Jeremy: Alright. So let me ask you this question. Let's say we build in these really great health checks that and we set some thresholds, we say, if the data doesn't come back within four seconds, or whatever it is, then we want to route that to a different service or to a different region or something like that. What happens if all of your services are coming back with bad health checks?
Adrian: Yeah, this is a good point. And let's say you can have bad health checks like this when sometimes you make configuration mistakes or you do a deployment and something doesn't work. And sometimes, if everything fails at the same time, you have to assume that it's not broken, right? So it's called failing open. So it means okay there is, it might be a health check problem, so let's continue sending traffic to the environment and hopefully things will work. And this is what we have in places on AWS, if you look at all the systems that implement health checks or Route 53, the ELBs, Lambdas, API Gateways, and all this kind of things, if all the health checks fail at the same time, we fail open, so we assume it's more like a health check problem versus an infrastructure problem.
Jeremy: Right, yeah. And then the other thing too, that's kind of cool. And this is just something where I don't think people understand how powerful Route 53 is. Because if you think about your normal load checks, or your health checks, I know I always would think about application load balancers or elastic load balancers. But that is region specific, right? So if, again, I can't health check across 10 different regions or five different regions with an ELB. I need to do that at a higher level, and Route 53 has a ton of capabilities to do this.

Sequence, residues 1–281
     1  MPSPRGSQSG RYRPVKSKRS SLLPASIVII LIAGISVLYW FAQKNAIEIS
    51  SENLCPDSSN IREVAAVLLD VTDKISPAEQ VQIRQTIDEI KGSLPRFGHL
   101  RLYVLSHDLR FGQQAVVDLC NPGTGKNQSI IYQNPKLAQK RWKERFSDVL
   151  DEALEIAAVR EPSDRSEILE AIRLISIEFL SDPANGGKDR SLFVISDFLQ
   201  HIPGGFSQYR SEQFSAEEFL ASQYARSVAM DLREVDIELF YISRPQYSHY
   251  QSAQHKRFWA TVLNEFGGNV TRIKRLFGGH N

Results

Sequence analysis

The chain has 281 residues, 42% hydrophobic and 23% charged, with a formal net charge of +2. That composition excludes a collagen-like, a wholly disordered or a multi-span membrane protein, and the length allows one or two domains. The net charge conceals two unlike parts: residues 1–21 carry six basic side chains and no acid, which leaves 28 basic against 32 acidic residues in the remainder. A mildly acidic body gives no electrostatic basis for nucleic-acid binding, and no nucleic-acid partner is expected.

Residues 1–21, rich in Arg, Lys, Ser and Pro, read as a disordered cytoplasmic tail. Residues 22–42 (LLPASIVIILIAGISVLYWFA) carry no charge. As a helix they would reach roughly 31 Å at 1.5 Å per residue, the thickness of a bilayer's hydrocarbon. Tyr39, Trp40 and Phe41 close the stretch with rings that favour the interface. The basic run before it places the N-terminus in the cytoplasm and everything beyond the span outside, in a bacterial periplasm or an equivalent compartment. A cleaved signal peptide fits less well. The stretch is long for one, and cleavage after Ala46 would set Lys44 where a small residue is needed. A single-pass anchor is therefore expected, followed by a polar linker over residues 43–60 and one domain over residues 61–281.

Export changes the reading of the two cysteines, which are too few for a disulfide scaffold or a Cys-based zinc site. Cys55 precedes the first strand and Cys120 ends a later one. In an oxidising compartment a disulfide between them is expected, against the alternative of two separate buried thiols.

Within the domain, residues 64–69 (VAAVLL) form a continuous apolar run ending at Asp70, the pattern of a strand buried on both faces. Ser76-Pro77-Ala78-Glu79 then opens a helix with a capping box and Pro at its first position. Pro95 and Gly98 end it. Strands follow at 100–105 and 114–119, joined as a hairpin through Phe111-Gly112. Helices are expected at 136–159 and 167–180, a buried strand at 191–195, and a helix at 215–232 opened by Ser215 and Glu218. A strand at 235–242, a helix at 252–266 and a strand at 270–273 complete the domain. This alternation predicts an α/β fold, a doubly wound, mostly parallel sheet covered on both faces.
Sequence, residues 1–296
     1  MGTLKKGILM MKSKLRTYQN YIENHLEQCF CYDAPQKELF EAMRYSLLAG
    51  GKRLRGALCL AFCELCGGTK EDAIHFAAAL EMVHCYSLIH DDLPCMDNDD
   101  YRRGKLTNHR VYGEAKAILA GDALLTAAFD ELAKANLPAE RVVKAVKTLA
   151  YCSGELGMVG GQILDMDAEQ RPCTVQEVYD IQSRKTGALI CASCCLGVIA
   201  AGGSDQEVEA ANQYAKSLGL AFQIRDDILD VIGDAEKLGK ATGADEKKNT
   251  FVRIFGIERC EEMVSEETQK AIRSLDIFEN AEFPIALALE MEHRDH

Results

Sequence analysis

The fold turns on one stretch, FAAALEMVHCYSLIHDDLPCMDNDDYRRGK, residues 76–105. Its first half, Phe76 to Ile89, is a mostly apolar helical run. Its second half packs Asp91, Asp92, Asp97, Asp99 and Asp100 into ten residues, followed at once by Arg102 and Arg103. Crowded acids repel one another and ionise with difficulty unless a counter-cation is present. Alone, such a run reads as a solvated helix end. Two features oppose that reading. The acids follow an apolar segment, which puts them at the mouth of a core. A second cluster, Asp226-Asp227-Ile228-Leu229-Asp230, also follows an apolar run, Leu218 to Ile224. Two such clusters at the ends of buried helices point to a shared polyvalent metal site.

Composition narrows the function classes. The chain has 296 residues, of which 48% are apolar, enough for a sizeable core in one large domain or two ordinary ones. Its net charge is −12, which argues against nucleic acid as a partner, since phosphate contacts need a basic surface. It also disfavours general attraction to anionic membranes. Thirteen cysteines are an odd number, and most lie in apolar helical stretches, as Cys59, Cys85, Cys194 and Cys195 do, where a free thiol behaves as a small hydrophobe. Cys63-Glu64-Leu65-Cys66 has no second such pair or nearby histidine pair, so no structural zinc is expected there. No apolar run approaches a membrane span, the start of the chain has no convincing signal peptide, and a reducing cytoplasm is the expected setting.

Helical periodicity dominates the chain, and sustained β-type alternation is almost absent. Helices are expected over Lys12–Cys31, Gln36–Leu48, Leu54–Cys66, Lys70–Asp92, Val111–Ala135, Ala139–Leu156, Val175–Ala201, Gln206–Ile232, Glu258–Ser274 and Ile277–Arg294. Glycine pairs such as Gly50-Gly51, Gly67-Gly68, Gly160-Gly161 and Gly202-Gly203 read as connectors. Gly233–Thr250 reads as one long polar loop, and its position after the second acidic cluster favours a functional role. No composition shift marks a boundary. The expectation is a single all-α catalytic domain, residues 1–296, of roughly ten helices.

Adrian: Right. So now, Route 53 allows you to do health checks on many different levels. And what's the nicest feature of Route 53 is that when it checks the health check, it uses eight regions by default from around the world, right?
So sometimes on the internet, you have regional outages, and sometimes the route on the internet doesn't work, but it doesn't mean other routes don't work from outside. So, Route 53 allows you to go around these kind of regional outages or intermittent regional outages over the internet because it's checks over actually, eight regions, and then three availabilities for each of those regions. This is where the 18% comes from, that's written in the blog. Which is a bit weird, but it gives us an idea that if 18% of the system is at least answering is... if 18% or fewer of the health checks report that is healthy we'll consider unhealthy because it's not enough. So it means something is wrong.